Need a ride? Ordering an Uber? Well in 2020 in Dallas, you may have to look ‘up’ to find your driver!
Uber announced at its Elevate Summit last week, that it has struck partnerships with the cities of Dallas and Dubai to demonstrate a network of flying cars by 2020. Ross Perot Jr.’s development company, Hillwood, will build vertiports for the flying vehicles in “hubs of activity” like Arlington’s entertainment district and the American Airlines Center. The company also announced a handful of partnerships with aviation companies to develop and deliver a flying car.
Called the Elevate project, Uber believes that investing in flying cars is essential to protecting its business. Uber envisions full-scale operations of a flying car network launching in 2023. “If you’re not planting the seeds for 5-10 years out, you have no company in five to 10 years,” Uber chief product officer Jeff Holden.
Ambitious? Yes, very. The kind of aircraft Uber envisions shuttling customers through the air—electric, with vertical takeoff and landing capability, and capable of flying 100 miles in just 40 minutes—don’t exist yet, nor does the infrastructure needed to support them. Once built, the FAA, must ensure these aircraft meet all federal safety regulations and figure out where and how they fit into a complex air traffic control system.
As crazy and ambitious as this all sounds, Uber and it’s partnering companies can make this work. “I think 2020 is realistic for a vehicle that is not replacing an airplane but replacing a car,” says Richard Pat Anderson, director of the Flight Research Center at Embry-Riddle Aeronautical University. A purely electric aircraft might remain elusive, but a serial hybrid setup—where the aircraft carries a fuel-burning turbine to keep the juice flowing, much like the Chevrolet Volt—could work.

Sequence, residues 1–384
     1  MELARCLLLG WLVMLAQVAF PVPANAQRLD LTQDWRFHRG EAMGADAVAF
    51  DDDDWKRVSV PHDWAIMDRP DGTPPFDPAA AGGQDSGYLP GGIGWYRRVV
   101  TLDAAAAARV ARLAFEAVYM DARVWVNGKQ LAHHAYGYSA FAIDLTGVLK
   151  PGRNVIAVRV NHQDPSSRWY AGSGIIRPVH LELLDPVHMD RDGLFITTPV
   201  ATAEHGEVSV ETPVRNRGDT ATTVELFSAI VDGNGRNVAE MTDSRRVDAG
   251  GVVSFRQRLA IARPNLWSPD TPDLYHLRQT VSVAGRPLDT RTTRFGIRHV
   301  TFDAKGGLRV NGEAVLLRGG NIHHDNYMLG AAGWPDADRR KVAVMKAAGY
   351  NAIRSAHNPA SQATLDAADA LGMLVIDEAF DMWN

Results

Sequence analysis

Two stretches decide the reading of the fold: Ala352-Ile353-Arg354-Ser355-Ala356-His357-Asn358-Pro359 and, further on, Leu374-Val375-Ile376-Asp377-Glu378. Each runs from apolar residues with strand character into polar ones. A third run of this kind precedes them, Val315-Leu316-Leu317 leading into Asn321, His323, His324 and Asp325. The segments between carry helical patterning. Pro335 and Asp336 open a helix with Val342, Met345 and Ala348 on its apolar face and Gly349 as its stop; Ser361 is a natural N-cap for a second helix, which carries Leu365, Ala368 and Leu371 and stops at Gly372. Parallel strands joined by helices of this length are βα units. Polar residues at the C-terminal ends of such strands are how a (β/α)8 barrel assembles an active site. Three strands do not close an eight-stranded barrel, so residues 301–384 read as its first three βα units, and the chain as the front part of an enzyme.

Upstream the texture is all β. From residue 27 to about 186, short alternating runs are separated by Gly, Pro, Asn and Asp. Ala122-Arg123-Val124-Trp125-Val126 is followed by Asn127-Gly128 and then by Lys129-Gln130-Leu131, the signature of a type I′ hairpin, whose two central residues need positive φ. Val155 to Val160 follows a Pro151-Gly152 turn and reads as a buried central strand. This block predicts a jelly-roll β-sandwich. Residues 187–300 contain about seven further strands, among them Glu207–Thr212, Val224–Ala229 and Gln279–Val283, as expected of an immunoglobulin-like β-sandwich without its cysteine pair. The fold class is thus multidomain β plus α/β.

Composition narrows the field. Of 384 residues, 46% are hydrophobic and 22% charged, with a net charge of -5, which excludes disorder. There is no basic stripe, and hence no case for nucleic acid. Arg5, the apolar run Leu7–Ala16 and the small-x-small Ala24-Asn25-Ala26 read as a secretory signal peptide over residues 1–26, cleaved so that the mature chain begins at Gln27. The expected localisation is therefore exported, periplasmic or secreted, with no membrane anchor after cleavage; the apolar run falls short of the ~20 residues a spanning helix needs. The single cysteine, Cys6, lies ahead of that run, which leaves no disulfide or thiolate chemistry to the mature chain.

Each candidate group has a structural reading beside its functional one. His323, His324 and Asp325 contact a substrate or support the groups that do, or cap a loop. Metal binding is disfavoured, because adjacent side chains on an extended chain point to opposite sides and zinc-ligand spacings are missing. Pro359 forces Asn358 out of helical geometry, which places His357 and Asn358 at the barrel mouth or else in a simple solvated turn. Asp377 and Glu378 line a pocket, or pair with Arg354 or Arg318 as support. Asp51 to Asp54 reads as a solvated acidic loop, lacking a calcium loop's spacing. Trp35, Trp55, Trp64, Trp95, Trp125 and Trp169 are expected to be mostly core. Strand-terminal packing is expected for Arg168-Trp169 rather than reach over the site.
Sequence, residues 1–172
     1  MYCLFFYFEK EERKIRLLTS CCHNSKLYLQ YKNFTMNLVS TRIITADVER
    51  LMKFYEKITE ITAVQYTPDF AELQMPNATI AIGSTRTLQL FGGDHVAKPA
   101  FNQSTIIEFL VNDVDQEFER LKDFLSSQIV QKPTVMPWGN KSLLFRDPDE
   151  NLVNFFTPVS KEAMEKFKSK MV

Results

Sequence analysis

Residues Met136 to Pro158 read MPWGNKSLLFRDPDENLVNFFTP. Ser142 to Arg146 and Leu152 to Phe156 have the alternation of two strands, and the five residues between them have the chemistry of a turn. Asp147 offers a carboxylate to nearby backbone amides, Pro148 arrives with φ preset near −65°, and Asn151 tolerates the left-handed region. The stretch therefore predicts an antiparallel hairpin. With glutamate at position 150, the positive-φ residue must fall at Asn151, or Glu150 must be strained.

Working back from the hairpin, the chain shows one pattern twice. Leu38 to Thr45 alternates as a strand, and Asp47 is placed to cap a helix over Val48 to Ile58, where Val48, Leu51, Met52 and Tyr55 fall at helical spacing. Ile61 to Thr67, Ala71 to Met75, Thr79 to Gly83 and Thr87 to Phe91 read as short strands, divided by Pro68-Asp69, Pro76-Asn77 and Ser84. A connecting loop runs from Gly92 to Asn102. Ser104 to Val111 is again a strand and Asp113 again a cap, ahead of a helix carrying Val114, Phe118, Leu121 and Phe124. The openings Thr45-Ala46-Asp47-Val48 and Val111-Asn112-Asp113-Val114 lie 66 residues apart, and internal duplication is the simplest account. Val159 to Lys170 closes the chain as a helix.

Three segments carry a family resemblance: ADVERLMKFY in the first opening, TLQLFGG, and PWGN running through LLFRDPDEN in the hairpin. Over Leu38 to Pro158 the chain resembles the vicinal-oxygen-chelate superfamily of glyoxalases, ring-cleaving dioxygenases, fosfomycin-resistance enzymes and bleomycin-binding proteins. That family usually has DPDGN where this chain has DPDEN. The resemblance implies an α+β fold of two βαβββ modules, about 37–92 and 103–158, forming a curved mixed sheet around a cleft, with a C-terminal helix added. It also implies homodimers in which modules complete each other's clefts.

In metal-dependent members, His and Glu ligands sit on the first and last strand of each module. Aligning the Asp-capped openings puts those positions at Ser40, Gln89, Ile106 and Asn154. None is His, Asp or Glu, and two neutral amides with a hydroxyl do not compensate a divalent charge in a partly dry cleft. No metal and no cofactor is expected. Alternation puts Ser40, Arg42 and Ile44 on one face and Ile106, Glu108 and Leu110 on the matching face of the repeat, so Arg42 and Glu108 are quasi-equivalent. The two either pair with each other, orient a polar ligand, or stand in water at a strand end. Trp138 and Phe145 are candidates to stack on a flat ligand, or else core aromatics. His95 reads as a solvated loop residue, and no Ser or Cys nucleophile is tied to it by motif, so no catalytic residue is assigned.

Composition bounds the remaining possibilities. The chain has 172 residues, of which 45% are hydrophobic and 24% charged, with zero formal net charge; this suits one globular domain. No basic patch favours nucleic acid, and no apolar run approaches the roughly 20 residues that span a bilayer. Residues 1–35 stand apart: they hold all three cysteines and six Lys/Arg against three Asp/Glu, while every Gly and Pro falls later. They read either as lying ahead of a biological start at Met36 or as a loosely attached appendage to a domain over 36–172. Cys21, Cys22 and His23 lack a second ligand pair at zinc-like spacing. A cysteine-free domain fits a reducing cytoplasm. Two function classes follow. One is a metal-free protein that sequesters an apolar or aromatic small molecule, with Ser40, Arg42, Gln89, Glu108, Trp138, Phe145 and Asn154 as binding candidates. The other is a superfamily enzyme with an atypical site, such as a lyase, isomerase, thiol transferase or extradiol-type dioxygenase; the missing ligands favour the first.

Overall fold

Aware that its existing business could be disrupted by autonomous vehicles, Uber expects flight to be become a daily part of our transportation lives. The company believes it can offer rides in flying cars for about the same price as an UberX ride. The technology could be transformative in areas plagued by traffic. In October, Uber released its ambitious vision for how flying cars, technically known as vertical takeoff and landing vehicles (VTOL), could make transportation incredibly fast and cheap.
The technology is also largely unproven. Many hurdles remain to making flying cars safe, affordable and reliable. There will be regulatory questions to answer.
As for the cities, no surprise Dubai is interested. The city’s general attitude towards tech is, “Looks shiny, we’re in!” It wants to equip firefighters with jet packs, and it will be home to one of the first hyperloop tracks. Flying cars clearly fit right in. But it doesn’t hold a monopoly on the future. Texas wants in, too.
“This program is revolutionary and future-oriented, which is why Fort Worth is a perfect partner to base the Elevate pilot,” Mayor Betsy Price said in an email. Just don’t expect the city to be doing much lifting. “The burden to overcoming the various hurdles (FAA, air traffic control …) will rest mostly on Uber in this exciting pilot.”
Well here’s to hoping that all goes well for this project. It’s exciting to see Texas as the hub of this new technology, one that will give a brand new meaning to the question often asked, ‘need a lift?’